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Seneca Lake Park: From City Park to State Park

June 10th, 2022

(From July/August 1997 Historical Society Newsletter)

From at least 1903, Geneva officials had maintained a bath house at the site of what is now Seneca Lake Park  and had planted trees to make the space “a resort for the public.”  By the early 1920s, with Lakeside Park finally developed, Geneva turned its attention to the land that had begun to interest it as early as 1898.  In August 1922, the City held a special tax election to put to a referendum the question whether it should purchase the lands at the foot of the lake for a public park and bathing beach: the referendum passed.  The City was authorized to spend $25,000 to acquire the shoreline from Pre-Emption Street, the eastern city limit, to the outlet bridge.

People on a beach

Seneca Lake Park, 1954

In 1924, the City bought thirty-five acres of former state canal lands for nearly $9,000 and bought more in 1925; in 1927, Genevans were again asked for permission to float another bond issue of $14,000 to buy land bordering the space in the towns of Waterloo and Fayette.  Then, in August 1929, residents voted by a 452-205 margin to spend another $21,000 to buy the Greylock Inn and other parcels just over the City line.  By then, the city had spent $68,972 to buy all the land from what was then O’Malley’s gas station to the barge canal.

By 1931, the beach in the City’s new Seneca Lake Park was used by hundreds in the summer.  The City had established a tourist camp at the eastern end, as well as miniature golf links and a shuffleboard course.  Several other businesses opened in the 1940s, including Danc’ Inn, Shelbe’s Hot Dog Stand, Dunham’s Fish Fry, Lou-Mar, and Club 5-20.  But as the plans for the arterial became clear, the new park commission became concerned about the way the roadside across from the City park had developed.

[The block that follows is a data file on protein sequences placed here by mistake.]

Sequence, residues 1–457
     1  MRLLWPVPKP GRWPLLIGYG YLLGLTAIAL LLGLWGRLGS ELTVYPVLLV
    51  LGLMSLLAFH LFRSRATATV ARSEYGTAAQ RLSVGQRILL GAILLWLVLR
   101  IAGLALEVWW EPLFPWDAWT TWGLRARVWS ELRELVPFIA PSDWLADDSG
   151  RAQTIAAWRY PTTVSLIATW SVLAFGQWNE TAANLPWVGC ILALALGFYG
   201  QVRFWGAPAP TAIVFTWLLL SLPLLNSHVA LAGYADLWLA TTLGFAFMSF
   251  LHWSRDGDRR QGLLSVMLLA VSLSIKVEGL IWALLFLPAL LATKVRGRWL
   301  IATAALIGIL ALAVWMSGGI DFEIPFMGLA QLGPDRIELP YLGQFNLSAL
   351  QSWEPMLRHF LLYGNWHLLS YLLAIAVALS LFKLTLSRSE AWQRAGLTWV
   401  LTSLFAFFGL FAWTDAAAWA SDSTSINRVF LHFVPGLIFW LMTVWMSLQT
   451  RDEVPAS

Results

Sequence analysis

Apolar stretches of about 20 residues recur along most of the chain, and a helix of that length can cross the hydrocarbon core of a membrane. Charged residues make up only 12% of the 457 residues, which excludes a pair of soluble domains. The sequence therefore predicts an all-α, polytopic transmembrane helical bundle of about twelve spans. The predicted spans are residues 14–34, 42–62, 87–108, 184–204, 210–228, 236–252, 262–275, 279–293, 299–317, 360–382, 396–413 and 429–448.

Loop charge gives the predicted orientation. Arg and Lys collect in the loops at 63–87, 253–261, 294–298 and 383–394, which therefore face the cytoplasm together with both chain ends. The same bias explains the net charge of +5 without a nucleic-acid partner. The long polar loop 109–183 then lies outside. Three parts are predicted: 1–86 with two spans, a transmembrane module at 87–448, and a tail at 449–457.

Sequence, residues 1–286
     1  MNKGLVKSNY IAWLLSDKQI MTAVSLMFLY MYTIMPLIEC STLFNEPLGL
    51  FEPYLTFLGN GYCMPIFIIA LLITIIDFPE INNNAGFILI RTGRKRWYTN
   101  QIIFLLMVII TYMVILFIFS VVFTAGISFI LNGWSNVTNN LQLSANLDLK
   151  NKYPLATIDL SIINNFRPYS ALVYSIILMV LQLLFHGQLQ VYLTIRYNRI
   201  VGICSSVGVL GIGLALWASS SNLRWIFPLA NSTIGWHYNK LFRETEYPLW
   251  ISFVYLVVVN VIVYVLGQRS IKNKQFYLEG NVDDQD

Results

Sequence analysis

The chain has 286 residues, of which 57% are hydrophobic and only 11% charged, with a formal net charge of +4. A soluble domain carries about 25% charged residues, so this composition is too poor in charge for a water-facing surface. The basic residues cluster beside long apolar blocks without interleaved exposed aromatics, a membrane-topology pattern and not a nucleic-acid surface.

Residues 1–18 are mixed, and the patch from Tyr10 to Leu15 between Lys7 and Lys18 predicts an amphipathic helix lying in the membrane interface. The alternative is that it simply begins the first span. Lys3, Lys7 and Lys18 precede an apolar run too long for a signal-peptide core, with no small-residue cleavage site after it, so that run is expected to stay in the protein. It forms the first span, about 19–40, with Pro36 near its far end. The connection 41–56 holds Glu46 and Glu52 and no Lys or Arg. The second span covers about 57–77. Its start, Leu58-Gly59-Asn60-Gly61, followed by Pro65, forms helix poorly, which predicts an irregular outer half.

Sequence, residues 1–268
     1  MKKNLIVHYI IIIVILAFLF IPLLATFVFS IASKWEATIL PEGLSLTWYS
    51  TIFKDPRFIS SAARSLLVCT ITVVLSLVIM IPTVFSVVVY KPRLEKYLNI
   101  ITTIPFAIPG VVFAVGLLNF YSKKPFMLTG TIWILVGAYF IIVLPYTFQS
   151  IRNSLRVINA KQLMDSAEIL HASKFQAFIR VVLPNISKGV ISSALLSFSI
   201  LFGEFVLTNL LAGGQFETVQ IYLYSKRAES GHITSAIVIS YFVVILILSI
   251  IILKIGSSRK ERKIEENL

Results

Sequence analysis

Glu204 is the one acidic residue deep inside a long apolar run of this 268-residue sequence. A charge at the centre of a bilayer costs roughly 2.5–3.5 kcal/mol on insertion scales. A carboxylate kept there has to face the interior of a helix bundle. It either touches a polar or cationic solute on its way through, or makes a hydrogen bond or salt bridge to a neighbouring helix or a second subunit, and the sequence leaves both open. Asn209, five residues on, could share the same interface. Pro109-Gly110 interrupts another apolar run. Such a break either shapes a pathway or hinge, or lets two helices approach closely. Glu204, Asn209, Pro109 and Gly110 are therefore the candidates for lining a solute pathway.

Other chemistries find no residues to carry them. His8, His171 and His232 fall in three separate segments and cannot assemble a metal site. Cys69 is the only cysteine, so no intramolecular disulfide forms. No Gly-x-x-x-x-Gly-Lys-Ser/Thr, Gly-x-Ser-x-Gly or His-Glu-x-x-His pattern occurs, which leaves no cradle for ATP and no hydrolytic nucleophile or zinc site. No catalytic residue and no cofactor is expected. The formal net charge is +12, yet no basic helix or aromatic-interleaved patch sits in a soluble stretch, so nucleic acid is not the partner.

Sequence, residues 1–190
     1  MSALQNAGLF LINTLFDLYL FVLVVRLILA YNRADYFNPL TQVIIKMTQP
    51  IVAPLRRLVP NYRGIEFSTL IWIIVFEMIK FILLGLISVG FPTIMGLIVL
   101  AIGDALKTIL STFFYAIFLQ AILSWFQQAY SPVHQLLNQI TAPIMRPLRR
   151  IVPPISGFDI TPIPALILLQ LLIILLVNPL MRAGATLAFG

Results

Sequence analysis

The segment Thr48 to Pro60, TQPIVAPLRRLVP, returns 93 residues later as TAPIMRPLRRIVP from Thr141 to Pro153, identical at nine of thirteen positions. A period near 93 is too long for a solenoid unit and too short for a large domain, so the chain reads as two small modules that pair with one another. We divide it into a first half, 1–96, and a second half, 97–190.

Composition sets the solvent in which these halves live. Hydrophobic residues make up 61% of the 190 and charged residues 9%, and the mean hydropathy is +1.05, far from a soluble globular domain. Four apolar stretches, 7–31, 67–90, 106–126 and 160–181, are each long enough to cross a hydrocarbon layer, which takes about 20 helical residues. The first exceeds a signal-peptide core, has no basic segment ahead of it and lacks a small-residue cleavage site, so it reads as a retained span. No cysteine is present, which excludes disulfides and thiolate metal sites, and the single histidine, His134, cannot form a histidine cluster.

ca. 1930s camping grounds at Seneca Lake Park with cars, benches, and tents

Tourist Camp at Seneca Lake Park

In January 1952 Mayor Erie Rogers appointed the new commission to develop Seneca Lake Park, and within months commission members began to allege that the City had ignored the park for years, had used park maintenance funds for other purposes and had shown its lack of interest by abolishing the Park Board some years earlier.  The park’s condition continued to worsen and in 1954 a pamphlet was issued urging Genevan’s to support making the City park a State park. The brochure contained photographs of current condition and declared the park “A Glorified Garbage Dump—A Decadent Trailer Park – An Unused and Unusable Beach – A Recreation Area with No Appeal – No Facilities – No Future.”

Arguments ensued – both for and against the bestowing of the park to New York State.  The State would not initially consider the proposal because there was only two hundred acres and normally it would not consider making a state park on less than four hundred.  The City was able to acquire additional property and returned to the state with their request.  After two vetoes, the proposal was accepted in 1957 and by 1960 the City park became a State park.

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